For decades, doctors were taught in medical school that there were 11 major systems in the human body.
They are the circulatory, nervous, respiratory, urinary, reproductive, skeletal, muscular, endocrine, lymphatic, digestive, and integumentary (skin) systems.
All of these bodily systems have been known for a century or more.
But in 1988, scientists at St. Louis University School of Medicine announced the discovery of a 12th human body system. It’s called the endocannabinoid system (ECS).
It is a set of receptors that specifically respond to the natural compounds in cannabis.
“The endocannabinoid system may be the most important physiologic system in maintaining human health,” Dr. Dustin Sulak said. He is an integrative physician with practices in Massachusetts and Maine.
Scientists still don’t have a complete picture of all ECS functions. But they believe the system evolved to promote homeostasis.
“Homeostasis is the maintenance of a stable internal environment in your body despite fluctuations in the external environment,” Dr. Sulak explained.
The ECS has two types of nerve receptors, CB1 and CB2. CB1s are located in the brain. They regulate mood and sleep. CB2s are in all organs, including the brain. They regulate the chemical output of organs.
“CB1 and CB2 receptors keep your body in equilibrium by working with compounds that your body produces called endocannabinoids,” Dr. Sulak explained.
The primary endocannabinoids are anandamide and 2-AG. Anandamide is named after the Sanskrit word “ananda,” which means bliss, because it boosts mood. 2-AG is believed to affect organ function.
Your brain sends messages to your body through chemicals called neurotransmitters. Endocannabinoids send messages in the opposite direction—from your body to your brain.
When a bodily process is out of balance, enzymes upregulate anandamide and 2-AG. They bond with CB1 and CB2 receptors, which in turn instruct the brain to take corrective action.
The ECS is an internal regulator that makes sure you have the right levels of hormones, digestive enzymes, blood components, bone minerals, and other crucial biological materials.
“We do not have a full and complete picture of what the ECS does, but we do know that it helps fine-tune most of our vital physiological functions. It affects everything from sleep, appetite, pain, inflammation, memory, mood, and even reproduction,” Dr. Sulak said.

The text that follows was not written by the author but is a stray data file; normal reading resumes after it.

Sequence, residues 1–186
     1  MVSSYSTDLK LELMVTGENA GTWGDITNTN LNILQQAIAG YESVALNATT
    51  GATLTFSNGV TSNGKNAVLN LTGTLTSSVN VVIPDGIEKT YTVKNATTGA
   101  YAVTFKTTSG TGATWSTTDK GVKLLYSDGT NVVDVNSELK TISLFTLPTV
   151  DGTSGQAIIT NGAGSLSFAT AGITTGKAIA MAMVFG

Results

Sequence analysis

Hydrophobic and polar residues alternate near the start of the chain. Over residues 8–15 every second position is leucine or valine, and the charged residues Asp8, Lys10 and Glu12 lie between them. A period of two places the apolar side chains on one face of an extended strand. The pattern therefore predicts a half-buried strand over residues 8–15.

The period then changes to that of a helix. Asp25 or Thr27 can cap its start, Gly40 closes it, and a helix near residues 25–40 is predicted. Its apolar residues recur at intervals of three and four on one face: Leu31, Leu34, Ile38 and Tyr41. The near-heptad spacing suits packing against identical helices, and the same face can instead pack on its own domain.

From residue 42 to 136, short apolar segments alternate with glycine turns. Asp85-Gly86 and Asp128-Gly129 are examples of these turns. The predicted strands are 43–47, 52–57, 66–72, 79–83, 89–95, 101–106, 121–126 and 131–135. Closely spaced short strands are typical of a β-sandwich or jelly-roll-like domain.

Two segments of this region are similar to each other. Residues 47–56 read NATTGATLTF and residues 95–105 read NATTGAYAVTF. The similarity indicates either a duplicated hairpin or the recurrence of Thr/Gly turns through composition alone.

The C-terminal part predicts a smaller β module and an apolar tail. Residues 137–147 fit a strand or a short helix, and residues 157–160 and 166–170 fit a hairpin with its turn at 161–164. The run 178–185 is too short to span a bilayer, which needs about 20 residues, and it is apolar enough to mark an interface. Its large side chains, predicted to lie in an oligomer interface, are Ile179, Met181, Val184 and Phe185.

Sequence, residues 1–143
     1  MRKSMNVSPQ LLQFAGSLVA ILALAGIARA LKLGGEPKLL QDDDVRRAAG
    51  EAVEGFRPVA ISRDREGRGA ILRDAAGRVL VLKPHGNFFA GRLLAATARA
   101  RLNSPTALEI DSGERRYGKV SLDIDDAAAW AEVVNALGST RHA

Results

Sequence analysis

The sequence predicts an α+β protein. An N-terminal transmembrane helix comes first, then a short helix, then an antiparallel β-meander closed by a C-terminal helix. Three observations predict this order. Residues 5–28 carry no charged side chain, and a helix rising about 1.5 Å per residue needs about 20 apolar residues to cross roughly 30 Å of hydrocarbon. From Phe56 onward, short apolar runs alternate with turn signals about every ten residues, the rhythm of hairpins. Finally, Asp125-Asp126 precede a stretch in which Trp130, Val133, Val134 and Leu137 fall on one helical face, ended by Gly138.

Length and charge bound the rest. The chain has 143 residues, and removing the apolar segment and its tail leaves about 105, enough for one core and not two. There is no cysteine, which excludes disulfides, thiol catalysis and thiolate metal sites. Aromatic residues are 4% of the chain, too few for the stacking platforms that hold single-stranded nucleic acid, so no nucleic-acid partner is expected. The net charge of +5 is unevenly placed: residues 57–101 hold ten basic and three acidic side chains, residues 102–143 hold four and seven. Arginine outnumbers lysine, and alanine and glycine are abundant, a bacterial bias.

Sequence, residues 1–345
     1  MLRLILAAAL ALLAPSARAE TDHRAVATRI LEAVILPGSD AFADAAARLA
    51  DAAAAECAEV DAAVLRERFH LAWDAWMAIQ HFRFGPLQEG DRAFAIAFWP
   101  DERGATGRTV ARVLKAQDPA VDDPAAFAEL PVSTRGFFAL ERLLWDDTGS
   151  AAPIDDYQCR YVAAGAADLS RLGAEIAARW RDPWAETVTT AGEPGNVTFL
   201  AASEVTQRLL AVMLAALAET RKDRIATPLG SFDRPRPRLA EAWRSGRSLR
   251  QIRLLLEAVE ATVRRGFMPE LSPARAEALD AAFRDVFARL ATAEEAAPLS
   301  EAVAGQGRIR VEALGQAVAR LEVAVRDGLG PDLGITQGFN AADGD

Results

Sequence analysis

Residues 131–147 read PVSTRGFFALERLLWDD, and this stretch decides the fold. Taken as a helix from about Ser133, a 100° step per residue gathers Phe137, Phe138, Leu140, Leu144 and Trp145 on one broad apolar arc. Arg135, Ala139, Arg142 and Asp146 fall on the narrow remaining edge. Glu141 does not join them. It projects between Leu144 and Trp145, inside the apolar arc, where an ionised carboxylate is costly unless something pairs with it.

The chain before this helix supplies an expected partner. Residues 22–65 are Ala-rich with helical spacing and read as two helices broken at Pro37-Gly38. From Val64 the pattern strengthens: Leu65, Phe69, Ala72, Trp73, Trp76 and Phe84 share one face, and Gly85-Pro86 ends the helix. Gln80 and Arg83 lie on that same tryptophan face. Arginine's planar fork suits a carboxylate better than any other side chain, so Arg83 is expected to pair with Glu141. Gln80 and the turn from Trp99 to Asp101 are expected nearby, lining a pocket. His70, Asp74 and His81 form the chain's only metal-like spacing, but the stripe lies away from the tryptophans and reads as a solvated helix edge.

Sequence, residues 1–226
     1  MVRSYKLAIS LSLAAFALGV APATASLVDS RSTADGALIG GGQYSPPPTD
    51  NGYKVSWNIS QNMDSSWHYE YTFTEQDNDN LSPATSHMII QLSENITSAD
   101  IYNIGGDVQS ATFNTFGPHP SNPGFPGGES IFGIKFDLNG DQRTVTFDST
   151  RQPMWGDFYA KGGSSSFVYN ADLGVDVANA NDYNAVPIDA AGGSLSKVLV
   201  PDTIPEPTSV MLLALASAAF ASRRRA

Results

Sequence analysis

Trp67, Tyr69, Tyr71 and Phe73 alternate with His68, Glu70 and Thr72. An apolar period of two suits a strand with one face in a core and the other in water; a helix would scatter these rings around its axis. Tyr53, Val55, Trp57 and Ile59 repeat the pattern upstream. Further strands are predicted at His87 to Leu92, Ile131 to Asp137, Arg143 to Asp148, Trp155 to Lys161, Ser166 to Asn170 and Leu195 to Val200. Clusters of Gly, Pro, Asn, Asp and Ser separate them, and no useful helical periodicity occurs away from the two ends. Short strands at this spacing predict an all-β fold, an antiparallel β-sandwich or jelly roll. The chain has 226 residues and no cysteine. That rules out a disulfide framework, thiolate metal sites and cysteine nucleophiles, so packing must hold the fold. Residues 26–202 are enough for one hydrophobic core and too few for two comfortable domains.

The ‘Tonic’ That Profoundly Improves Health
Dr. Ryan McLaughlin is a researcher who studies the ECS at Washington State University. He has found that your ECS changes during your lifetime. Your production of anandamide and 2-AG increases slowly during childhood, peaking during adolescence.
“Then, as we age, it’s on a steady decline,” Dr. McLaughlin said.
The decline makes your body less able to regulate itself and maintain its natural balance, he said.
What does all of this have to do with cannabis?
The endocannabinoids produced in your body are close chemical cousins to phytocannabinoids, the compounds in marijuana. CBD (cannabidiol) and THC (tetrahydrocannabinol) bond to the same CB1 and CB2 receptors as anandamide and 2-AG do.
So as you age, CBD and THC can compensate for a deficiency in anandamide and 2-AG.
“Small regular doses of phytocannabinoids can act as a tonic to our most central physiologic healing system,” Dr. Sulak said. “This can make profound improvements for a wide range of health conditions, and we’ve just begun to discover what they are.”
Editor’s Note: We have reviewed all recent cannabis research that has been published in scientific journals to answer two key questions: Which conditions do cannabis products help? And what’s the best way to use them?
You won’t get the answers in the mainstream media… But you’ll find them in the February issue of Independent Healing… It’s your best source for evidence-based, non-biased medical information.
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